Dealing With Christmas Tree Syndrome

Dealing With Christmas Tree Syndrome

 

Symptoms of Christmas Tree Syndrome

The holidays are a big deal to many families across America, but for those with allergies, the holidays present a unique set of issues to handle. One of the worst offenders for allergy sufferers is the Christmas tree. If you notice that dealing with the tree exacerbates your allergy issues year after year, you might be dealing with Christmas tree syndrome. Unfortunately, both natural and faux trees can cause problems for those who are sensitive. In this article, we will cover the facts and the symptoms of Christmas tree syndrome and offer some tips to help you avoid issues when setting up your tree.

What are the Most Common Symptoms of Christmas Tree Syndrome?

There are two basic types of reactions when it comes to Christmas tree syndrome; airborne reactions and skin reactions, also known as Christmas tree dermatitis, when a rash is present. While these symptoms seem normal, the key is that symptoms appear or get worse when there is contact with a Christmas tree.

The most common symptoms include:

• Runny nose
• Sneezing
• Asthma-like symptoms
• Skin rashes
• Itchy eyes

What are the Causes?

Both natural and faux trees have issues in common and ones that are unique to each.

Dust and Mold

The biggest culprits of Christmas tree syndrome are mold and dust. With a massive number of small branches and needles, the total surface area of an average Christmas tree is enormous. This can allow dust and mold to collect in vast amounts, leading to severe reactions. The Annals of Allergy, Asthma, and Immunology published a study that showed that more than 50 different types of mold had been found on a single tree.

Faux Trees

Besides the dust and mold issues with faux trees, brand-new trees can cause reactions for those who have chemical sensitivities. Fake trees are no longer made by hand; on the contrary, they are mass-produced by machines in an industrial setting. Like the “new car smell,” new trees can harbor trace chemicals between the branches that can cause outbreaks and other reactions.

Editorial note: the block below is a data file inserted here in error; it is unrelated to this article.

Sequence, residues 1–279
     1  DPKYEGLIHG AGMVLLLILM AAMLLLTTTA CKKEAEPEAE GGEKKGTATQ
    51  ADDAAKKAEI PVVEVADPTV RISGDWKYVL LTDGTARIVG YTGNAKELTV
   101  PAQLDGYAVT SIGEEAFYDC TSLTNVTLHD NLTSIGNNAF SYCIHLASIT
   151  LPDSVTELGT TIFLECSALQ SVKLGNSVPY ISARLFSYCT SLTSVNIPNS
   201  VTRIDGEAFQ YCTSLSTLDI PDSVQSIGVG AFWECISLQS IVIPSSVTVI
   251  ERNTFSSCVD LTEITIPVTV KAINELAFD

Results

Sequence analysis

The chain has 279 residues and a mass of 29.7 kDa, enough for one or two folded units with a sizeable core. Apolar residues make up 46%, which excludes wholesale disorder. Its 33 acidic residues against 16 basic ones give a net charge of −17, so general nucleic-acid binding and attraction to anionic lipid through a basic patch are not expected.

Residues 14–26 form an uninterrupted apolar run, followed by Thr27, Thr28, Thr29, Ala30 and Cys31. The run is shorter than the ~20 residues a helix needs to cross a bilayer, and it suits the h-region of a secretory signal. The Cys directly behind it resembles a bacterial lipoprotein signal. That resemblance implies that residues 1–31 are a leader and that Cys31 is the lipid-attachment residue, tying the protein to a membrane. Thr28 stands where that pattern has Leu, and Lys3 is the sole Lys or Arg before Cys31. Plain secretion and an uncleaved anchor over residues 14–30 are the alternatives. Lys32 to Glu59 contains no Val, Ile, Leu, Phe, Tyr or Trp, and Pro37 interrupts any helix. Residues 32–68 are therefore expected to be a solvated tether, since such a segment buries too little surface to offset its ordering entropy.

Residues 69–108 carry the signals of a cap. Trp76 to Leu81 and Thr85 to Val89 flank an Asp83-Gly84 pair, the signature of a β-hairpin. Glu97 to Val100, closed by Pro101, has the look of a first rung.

Natural Trees

The issue with natural trees is evident to anyone with allergies to pollen. However, tree pollen is not the only issue with real trees. The sap of Christmas trees, called colophony, is one of the tree’s self-defense mechanisms and has been known to cause reactions similar to poison ivy or oak.

What Can You Do to Lessen or Eliminate Christmas Tree Syndrome?

You can lessen or even prevent Christmas tree syndrome with a few simple steps:

Cover Exposed Skin

Wearing long sleeves and gloves will help reduce exposure to allergens, and changing clothes after will help prevent skin rashes.

Give the Tree a Shower

Hosing your tree down will help remove dust, mold, pollen, and other allergens.

Use an Air Purifier

Placing a reliable air purifier near the tree can help to remove anything that becomes airborne when setting up or decorating the tree.

Switching Types

If you have been having issues with the same type of tree year after year, trying the other type might alleviate problems; be careful not to make it worse.

Practice Good Storage Habits

Proper storage is the best way to reduce dust and mold on artificial trees. Choosing a tree that breaks down into smaller components will make it easier to store and clean. A good tree bag will protect your tree while it spends its year in the attic.

How to Get Immediate Relief?

Fortunately, Christmas tree syndrome is treated like any other outbreak or allergic reaction. Remedies range from prescription drugs and inhalers to over-the-counter and homeopathic treatments. The most common treatments include:

• Hydrocortisone cream
• Antihistamines
• Nasal washes
• Eye drops

Make sure to see your doctor if your reactions are severe or last longer than seven days. Christmas tree syndrome is not considered to be life-threatening and can be easily treated.

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